So, at his sight, away his fellows fly:
And, at our stamp, here o'er and o'er one falls;
He murder cries, and help from Athens calls.

Their sense, thus weak, lost with their fears, thus


Made senseless things begin to do them wrong;
For briers and thorns at their apparel snatch;
Some, sleeves; some, hats; from yielders all things


I led them on in this distracted fear,

And left sweet Pyramus translated there;
When, in that moment, (so it came to pass,)
Titania waked, and straightway loved an ass.

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Obe. This falls out better than I could devise. But hast thou yet latched1 the Athenian's eyes With the love-juice, as I did bid thee do?

Puck. I took him sleeping,-that is finished, too,— And the Athenian woman by his side; That, when he waked, of force she must be eyed.


Obe. Stand close: this is the same Athenian. Puck. This is the woman, but not this the man. Dem. O, why rebuke you him that loves you so? Lay breath so bitter on your bitter foe.

Her. Now I but chide, but I should use thee


For thou, I fear, hast given me cause to curse.
If thou hast slain Lysander in his sleep,
Being o'er shoes in blood, plunge in the deep,
And kill me too.

The sun was not so true unto the day,
As he to me.
Would he have stolen away
From sleeping Hermia? I'll believe, as soon,
This whole earth may be bored, and that the moon
May through the centre creep, and so displease
Her brother's noontide with the Antipodes.
It cannot be, but thou hast murdered him :
So should a murderer look, so dead, so grim.

Dem. So should the murdered look; and so should I,
Pierced through the heart with your stern cruelty.
you, the murderer, look as bright, as clear,
As yonder Venus in her glimmering sphere.

Her. What's this to my Lysander? Where is he? Ah, good Demetrius, wilt thou give him me?

Dem. I had rather give his carcass to my hounds. Her. Out, dog! Out, cur! Thou driv'st me past the bounds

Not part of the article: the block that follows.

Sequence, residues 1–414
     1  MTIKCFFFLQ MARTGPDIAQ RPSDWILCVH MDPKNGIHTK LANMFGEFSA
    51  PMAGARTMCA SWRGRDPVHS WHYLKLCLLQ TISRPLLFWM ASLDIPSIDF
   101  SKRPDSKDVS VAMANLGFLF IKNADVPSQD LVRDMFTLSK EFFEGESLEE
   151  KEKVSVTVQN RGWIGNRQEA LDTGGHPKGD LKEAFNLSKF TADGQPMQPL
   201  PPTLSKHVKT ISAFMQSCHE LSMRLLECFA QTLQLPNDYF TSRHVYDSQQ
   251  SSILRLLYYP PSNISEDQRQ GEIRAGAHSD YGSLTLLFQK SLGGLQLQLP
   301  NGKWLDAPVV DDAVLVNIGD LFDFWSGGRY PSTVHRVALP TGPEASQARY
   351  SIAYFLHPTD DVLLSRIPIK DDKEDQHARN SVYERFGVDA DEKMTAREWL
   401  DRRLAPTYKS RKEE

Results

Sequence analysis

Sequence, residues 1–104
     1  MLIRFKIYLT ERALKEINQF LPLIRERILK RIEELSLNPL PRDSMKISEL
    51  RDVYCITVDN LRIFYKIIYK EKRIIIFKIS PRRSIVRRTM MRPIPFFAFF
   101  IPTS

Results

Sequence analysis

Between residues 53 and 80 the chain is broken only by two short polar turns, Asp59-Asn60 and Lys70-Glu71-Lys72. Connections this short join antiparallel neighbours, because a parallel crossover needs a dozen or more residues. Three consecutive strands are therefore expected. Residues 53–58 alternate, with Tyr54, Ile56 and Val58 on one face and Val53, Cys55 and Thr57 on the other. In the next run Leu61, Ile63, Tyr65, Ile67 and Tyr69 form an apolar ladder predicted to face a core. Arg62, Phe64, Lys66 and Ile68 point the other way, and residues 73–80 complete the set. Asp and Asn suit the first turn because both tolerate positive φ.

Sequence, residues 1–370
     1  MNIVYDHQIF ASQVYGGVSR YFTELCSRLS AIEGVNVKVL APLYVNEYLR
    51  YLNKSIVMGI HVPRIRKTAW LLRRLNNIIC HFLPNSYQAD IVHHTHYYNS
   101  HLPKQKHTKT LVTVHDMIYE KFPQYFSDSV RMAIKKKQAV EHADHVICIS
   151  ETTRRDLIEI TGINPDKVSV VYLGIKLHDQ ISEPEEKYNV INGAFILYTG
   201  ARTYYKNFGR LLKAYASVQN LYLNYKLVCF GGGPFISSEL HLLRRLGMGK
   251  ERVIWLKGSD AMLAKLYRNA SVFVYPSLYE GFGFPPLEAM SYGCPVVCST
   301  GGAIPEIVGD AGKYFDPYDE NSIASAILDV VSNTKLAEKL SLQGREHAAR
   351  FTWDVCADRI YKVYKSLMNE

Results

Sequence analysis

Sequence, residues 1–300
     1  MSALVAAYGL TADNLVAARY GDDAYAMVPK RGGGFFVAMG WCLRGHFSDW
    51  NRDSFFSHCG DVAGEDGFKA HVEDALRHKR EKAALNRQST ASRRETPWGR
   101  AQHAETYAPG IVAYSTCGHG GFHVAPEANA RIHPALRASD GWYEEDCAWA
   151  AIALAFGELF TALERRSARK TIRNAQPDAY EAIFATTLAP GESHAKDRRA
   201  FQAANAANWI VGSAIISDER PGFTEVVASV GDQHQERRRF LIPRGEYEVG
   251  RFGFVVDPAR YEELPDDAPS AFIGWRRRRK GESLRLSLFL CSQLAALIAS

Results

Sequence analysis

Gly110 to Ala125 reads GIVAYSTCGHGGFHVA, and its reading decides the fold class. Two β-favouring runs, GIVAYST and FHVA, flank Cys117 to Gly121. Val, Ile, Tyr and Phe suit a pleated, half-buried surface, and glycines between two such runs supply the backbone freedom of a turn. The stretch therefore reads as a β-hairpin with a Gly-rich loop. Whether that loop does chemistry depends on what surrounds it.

Of maiden's patience. Hast thou slain him, then?
Henceforth be never numbered among men!

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O! once tell true, tell true, even for my sake.
Durst thou have looked upon him, being awake,
And hast thou killed him sleeping? O brave touch!1
Could not a worm, an adder, do so much?
An adder did it; for with doubler tongue
Than thine, thou serpent, never adder stung.

Dem. You spend your passion on a misprised 2 mood. I am not guilty of Lysander's blood ;

Nor is he dead, for aught that I can tell.

Her. I pray thee, tell me then that he is well. Dem. An if I could, what should I get therefore? Her. A privilege, never to see me more.And from thy hated presence part I so,See me no more, whether he be dead or no.


Dem. There is no following her in this fierce vein; Here, therefore, for a while I will remain. So sorrow's heaviness doth heavier grow, For debt that bankrupt sleep doth sorrow owe; Which now, in some slight measure, it will pay, If for his tender here I make some stay. [Lies down. Obe. What hast thou done? Thou hast mistaken quite,

And laid the love-juice on some true-love's sight.
Of thy misprision must perforce ensue

Some true-love turned, and not a false turned true.
Puck. Then fate o'errules; that, one man holding


A million fail, confounding oath on oath.

Obe. About the wood go swifter than the wind, And Helena of Athens look thou find.


All fancy-sick she is, and pale of cheer 3
With sighs of love, that cost the fresh blood dear.4
By some illusion see thou bring her here;
I'll charm his eyes, against she doth appear.
Puck. I go, I go; look, how I go;
Swifter than arrow from the Tartar's bow.

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1 A touch anciently signified a trick.

2 "On a misprised mood," i. e. in a mistaken manner.

3. Cheer here signifies countenance, from cera (Ital.).

4 Alluding to the ancient supposition, that every sigh was indulged at the expense of a drop of blood.